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Japanese origami cranes


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Japanese origami cranes

  1. 1. JAPANESE ORIGAMICRANE History and Legend
  2. 2. The Japanese word “origami” is a compound of two smaller Japanese words: “ori”, meaning to fold, and “kami”, meaning paper.Japanese origami began sometime after Buddhist monks carried paper to Japan during the 6th century.The first Japanese origami is dated from that time period and was used for religious ceremonial purposes only, due to the high price of paper.
  3. 3. In 1797 the first known origami book was published in Japan: Senbazuru Orikata.There are several stories in Japanese culture, such as the story of Abe no Seimei making a paper bird and turning it into a real one.One of the most famous origami designs is the Japanese Crane.The crane is lucky in Japanese culture.
  4. 4. Legend says that anyone who folds 1000 paper cranes will have their heart‟s desire come true.The origami crane has become a symbol of peace because of this belief and because of a young Japanese girl named Sadako Sasaki.Sadako was exposed to the radiation of the atomic bombing of Hiroshima as an infant, and it took its inevitable toll on her health.She was a hibakusha – an atomic bomb survivor.By the time she was 12, in 1955, she was dying of leukemia.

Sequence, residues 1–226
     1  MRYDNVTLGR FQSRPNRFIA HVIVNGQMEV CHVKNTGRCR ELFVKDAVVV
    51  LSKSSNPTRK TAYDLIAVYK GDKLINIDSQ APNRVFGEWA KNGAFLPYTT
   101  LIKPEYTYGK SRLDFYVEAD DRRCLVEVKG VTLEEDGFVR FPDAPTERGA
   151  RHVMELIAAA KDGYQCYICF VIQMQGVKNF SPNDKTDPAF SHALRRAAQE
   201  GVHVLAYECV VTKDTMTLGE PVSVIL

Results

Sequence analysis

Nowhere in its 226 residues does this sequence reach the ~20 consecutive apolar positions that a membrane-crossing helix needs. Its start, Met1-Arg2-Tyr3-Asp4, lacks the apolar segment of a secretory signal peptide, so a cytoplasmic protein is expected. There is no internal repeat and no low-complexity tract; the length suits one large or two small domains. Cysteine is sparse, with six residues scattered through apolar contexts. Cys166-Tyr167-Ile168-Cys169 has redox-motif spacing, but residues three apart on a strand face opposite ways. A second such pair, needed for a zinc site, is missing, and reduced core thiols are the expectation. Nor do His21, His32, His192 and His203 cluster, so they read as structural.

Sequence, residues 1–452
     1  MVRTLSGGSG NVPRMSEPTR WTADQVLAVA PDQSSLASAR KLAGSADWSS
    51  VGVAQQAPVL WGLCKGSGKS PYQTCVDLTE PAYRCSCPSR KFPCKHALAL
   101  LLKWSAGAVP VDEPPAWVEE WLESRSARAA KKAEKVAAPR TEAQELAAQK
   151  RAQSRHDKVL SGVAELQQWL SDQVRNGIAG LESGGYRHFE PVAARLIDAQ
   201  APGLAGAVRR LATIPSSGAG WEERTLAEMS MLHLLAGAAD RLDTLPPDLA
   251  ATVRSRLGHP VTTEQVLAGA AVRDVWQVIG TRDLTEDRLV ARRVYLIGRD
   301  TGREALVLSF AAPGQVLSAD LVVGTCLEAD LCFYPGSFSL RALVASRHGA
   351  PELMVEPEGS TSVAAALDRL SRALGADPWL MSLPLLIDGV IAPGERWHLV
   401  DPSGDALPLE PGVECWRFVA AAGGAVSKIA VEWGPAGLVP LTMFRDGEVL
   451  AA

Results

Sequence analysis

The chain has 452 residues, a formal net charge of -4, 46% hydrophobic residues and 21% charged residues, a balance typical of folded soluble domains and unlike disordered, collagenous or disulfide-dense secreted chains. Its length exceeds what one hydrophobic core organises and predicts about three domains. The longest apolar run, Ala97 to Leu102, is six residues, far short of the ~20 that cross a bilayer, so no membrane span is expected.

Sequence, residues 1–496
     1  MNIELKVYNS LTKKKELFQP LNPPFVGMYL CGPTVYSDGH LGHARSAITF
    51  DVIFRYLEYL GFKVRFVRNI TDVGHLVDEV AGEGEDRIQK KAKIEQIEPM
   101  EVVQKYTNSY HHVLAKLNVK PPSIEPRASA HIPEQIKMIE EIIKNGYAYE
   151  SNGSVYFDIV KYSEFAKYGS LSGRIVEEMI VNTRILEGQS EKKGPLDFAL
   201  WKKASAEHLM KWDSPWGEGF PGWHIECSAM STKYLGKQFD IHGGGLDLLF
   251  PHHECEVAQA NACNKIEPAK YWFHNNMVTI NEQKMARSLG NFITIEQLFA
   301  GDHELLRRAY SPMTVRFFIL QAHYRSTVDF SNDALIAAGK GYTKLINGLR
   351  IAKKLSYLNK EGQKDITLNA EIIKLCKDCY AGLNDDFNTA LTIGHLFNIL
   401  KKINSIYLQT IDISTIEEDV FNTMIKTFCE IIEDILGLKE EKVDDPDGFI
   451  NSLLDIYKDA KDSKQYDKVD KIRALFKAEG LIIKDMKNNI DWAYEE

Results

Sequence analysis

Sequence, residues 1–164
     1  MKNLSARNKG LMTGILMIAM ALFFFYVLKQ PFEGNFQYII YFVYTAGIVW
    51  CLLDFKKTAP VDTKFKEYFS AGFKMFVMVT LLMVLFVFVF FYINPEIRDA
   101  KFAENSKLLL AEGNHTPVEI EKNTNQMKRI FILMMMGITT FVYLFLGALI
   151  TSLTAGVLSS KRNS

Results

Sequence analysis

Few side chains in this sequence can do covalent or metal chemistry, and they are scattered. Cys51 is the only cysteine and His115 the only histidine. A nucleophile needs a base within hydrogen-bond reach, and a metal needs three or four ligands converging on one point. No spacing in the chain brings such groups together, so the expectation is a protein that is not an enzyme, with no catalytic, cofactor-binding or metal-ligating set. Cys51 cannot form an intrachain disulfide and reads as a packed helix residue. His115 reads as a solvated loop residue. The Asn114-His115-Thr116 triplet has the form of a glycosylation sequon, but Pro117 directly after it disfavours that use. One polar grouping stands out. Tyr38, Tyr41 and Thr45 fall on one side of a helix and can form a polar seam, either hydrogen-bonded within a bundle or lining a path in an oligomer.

5. 5.  Hearing the legend of the Japanese crane, Sadako decided to fold 1,000 origami cranes so that she could live. When she saw that the other children in her ward were dying, she realized that she would no survive and wished instead for world peace and an end to suffering. A popular version of the tale is that Sadako folded 644 cranes before she died; her classmates then continued folding cranes in honor of their friend. She was buried with a wreath of 1,000 cranes to honor her dream. While her effort could not extend her life, it moved her friends to make a granite statue of Sadako in the Hiroshima Peace Park: a girl standing with her hands outstretched, a paper crane flying from her fingertips.
  6. 6. Every year the statue of Sadako is adorned with thousands of wreaths made with 1,000 origami cranes.A group of 1,000 paper cranes is called senbazuru in Japanese.The tale of Sadako has been dramatized in many books and movies. In one version, Sadako wrote a haiku that translates into English as: „I shall write peace upon your wings, and you shall fly around the world so that children will no longer have to die this way.